Hollywood's Onscreen Workforce Is Even Less Diverse Than Real Life

Geena Davis Speech - H 2015
Jeff Lewis

Geena Davis Speech - H 2015

Geena Davis presented a selection of media-related research at Mount Saint Mary's University's Report on the Status of Women and Girls in California

The percentage of women who make up the fictional workforce in entertainment is even lower than it is in real life, Geena Davis announced Thursday morning to a capacity crowd of 1,000-plus at the release of Mount Saint Mary's University's 2015 Report on the Status of Women and Girls in California.

While 46.3 percent of the U.S. workforce is female, only 23.2 percent of employed characters depicted in domestic films is female, according to Gender Bias Without Borders, a global media study led by USC Annenberg professor Stacy L. Smith and released by the Geena Davis Institute on Gender in Media last fall.

The institute's findings are part of Mount Saint Mary's annual compilation of gender-related data across areas including education, politics and business leadership, which university president Ann McElaney-Johnson presented at Brentwood's Skirball Cultural Center during a program that also included addresses from Los Angeles First Lady Amy Elaine Wakeland and Pulitzer-winning journalist Sheryl WuDunn.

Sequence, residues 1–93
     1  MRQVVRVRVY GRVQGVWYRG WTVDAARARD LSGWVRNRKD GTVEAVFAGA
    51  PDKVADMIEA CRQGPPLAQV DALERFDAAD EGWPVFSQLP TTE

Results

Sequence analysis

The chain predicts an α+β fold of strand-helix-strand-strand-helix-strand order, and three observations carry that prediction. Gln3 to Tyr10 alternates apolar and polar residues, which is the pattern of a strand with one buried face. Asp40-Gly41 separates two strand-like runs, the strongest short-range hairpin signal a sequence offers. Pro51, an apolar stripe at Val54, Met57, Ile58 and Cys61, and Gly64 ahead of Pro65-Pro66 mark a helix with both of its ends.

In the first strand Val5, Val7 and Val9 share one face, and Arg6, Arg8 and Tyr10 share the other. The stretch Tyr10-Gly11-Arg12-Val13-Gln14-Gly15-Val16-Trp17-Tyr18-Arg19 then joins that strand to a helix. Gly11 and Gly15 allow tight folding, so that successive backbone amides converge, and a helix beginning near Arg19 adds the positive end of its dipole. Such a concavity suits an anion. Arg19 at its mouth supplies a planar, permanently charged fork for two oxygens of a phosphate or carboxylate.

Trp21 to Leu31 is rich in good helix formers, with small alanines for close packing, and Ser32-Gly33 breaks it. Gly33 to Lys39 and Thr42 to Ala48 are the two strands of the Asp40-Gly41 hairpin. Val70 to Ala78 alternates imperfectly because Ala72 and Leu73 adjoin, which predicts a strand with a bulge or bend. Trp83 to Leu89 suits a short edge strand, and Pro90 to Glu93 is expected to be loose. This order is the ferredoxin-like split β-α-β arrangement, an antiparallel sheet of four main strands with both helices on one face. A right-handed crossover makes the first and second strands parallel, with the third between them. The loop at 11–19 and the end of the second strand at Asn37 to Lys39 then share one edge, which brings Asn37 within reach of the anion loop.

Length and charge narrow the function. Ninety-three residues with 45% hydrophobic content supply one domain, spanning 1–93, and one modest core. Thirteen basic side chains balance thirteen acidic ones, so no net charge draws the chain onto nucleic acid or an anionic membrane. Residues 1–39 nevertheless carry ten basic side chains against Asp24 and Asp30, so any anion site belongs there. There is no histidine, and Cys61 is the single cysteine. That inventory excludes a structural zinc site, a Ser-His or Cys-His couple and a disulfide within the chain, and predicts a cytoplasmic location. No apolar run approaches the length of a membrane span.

"If [gender representation] is not being measured, then it's not being monitored or remedied," Wakeland said, while noting that for the first time in L.A. history, there is gender parity across all 42 of the city's boards and commissions. Every city board is represented by at least one woman, and 54 percent of commissioners are female.

Davis tells The Hollywood Reporter that the gender gap in media portrayals is troubling because it perpetuates unconscious bias against women.

"Everybody, male or female, has been conditioned, through the vast amount of media we consume, to see 17 percent as the normal ratio [of females in the population, as depicted in one recent survey of films]," she says, noting that studios have been responsive to implementing the two steps she recommended in THR's 2013 Women in Entertainment issue. "That's why content creators don't even notice, but there have been many, many instances where people will say on the spot, 'You just changed my movie. I have to go rewrite it, now that I've heard [your presentation].'"

Her institute, which is set up at Mount Saint Mary's, is now conducting a second global study on the impact of limited female representation on boys and girls, as well as developing software, thanks to a $1.2 million Google grant, to qualitatively analyze female screentime—how long female characters are onscreen, and how much dialogue they have.

In addition, Davis will travel to Bentonville, Ark., in May as chair and co-founder of the Bentonville Film Festival, a new competition whose goal is to champion women and diversity in film. Seventy-five selections will be in the running to receive guaranteed theatrical, TV, digital and DVD distribution from partners that include AMC and Walmart.

"The evidence is in," Davis says, "that the commercially smart decision is more diversity and more women."